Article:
I love Christmas television specials and movies. I grew up on shows like “A Charlie Brown Christmas” and “How the Grinch Stole Christmas.” My children did too. We still watch them. Okay, I watch them and my children pretend to watch while doing things on their phones or the computer.
Last night as I watched “How the Grinch Stole Christmas” my attention was caught by the explanations of the Grinch’s hatred of Christmas:
“It could be, perhaps, that his shoes were too tight.
It could be his head wasn’t screwed on just right.
But I think that the most likely reason of all
May have been that his heart was two sizes too small.”
And I wondered if these things might not speak to me, to my own experience of Christmas specifically but the holiday season generally?
Are my shoes too tight? Am I stuck in ways and behaviors that I have – or should have – outgrown? Do my too-small shoes keep me from enjoying and celebrating as I could?
Is my head screwed on just right? (Family and friends are NOT invited to respond to this question.) Are there filters I have that keep me from seeing truly? Are my expectations of others and circumstances – maybe even of God – out of whack?
Is my heart too small? For the Christian, Christmas celebrates Incarnation. The Lord of the Universe was born a human baby – the infinite came on the world stage in the infinitely weak and small. Is my heart big enough to receive and respond to what God has done and continues to do? Is my heart big enough to respond to my family, friends, and neighbors who need love this season?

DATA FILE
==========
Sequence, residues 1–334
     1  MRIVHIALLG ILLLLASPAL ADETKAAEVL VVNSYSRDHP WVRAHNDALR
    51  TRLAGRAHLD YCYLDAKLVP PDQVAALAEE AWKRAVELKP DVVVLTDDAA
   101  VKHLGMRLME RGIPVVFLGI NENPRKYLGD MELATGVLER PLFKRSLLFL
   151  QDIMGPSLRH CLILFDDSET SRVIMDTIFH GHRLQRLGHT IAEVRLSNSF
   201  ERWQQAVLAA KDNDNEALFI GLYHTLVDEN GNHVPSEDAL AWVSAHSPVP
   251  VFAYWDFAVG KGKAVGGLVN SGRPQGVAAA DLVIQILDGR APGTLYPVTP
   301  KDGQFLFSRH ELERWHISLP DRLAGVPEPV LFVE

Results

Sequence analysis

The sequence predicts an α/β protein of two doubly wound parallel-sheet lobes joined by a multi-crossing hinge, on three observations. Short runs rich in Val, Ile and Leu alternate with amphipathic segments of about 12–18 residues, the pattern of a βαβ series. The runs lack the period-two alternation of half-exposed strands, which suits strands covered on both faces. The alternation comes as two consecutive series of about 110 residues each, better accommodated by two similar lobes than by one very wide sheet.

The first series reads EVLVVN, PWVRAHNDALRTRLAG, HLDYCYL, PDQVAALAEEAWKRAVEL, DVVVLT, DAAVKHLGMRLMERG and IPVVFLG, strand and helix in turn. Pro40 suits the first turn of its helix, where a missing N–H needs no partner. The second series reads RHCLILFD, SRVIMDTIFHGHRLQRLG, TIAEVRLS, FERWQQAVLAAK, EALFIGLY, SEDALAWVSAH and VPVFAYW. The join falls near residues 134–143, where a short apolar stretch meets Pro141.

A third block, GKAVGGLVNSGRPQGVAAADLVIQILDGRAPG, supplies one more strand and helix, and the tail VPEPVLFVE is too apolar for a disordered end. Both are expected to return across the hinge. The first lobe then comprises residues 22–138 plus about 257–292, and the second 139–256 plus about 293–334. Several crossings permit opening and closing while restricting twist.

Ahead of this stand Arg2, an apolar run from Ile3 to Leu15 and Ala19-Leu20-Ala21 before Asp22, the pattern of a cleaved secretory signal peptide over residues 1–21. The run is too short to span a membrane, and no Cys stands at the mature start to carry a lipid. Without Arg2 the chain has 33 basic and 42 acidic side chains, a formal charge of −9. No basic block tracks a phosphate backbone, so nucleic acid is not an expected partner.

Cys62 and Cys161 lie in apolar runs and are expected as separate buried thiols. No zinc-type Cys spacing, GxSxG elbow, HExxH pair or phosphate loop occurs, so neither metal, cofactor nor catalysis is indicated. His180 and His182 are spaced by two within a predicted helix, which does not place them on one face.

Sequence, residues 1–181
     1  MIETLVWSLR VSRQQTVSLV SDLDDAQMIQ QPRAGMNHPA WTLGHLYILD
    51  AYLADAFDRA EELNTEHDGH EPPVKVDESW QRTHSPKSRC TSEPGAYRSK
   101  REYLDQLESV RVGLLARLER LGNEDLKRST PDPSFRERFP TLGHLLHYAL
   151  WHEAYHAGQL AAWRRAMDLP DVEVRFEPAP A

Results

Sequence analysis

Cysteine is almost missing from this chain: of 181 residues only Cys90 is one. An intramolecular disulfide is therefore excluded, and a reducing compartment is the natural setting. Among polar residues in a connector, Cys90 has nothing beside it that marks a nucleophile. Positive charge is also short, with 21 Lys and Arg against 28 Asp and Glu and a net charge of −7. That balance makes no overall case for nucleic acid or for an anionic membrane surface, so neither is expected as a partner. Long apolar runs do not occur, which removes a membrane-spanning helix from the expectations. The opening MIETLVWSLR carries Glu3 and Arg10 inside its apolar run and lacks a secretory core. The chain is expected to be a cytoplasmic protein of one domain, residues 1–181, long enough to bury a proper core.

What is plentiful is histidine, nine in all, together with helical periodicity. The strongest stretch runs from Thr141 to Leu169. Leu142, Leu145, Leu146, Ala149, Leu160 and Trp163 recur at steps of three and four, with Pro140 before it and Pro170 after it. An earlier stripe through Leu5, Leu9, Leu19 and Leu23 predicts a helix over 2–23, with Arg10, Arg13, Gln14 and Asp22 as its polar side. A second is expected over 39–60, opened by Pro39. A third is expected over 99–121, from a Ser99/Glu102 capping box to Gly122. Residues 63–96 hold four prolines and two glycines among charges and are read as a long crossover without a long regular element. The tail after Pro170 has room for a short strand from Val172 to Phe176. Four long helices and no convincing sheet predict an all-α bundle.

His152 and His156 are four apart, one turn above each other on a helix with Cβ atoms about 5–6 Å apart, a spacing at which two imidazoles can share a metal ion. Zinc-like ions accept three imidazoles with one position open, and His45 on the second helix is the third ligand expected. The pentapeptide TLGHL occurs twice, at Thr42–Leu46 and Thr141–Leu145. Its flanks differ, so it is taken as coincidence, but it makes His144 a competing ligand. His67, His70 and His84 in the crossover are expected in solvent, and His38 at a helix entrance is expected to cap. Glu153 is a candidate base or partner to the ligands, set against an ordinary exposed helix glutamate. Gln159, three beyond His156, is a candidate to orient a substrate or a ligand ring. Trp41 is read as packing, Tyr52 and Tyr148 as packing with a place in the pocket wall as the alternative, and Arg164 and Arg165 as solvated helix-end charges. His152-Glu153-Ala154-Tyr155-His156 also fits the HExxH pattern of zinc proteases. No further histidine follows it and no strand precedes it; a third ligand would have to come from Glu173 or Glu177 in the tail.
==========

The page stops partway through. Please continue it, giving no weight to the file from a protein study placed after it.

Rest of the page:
I am not the Grinch – I love Christmas. But I hope every Christmas I grow a little and that my perspective expands too. Most of all, I hope my heart will grow a size or two this year.
As Thanksgiving looms this week, it is well worth the time to read and reflect on the Thanksgiving proclamation issued by President Lincoln in October of 1863 — you can find it in its entirety here. In it Lincoln reflects on the ways the United States of America has prospered even in the midst of a civil war.
When I read the words of this proclamation I’m struck by how far we have veered from the spirit of Lincoln’s words. We have maintained the semblance of giving thanks. But what Lincoln called us to do over a century ago has devolved into merely a family gathering.
While inviting us to give thanks, the President also asked that we confess our wrongs, as he calls them our “national perverseness and disobedience.” He also urges us to remember those who have suffered because of the war which gripped our nation. I may give thought to those so-called “less fortunate” but I doubt that I give them the attention the day really calls me to give. The same can be said for my perverseness and disobedience.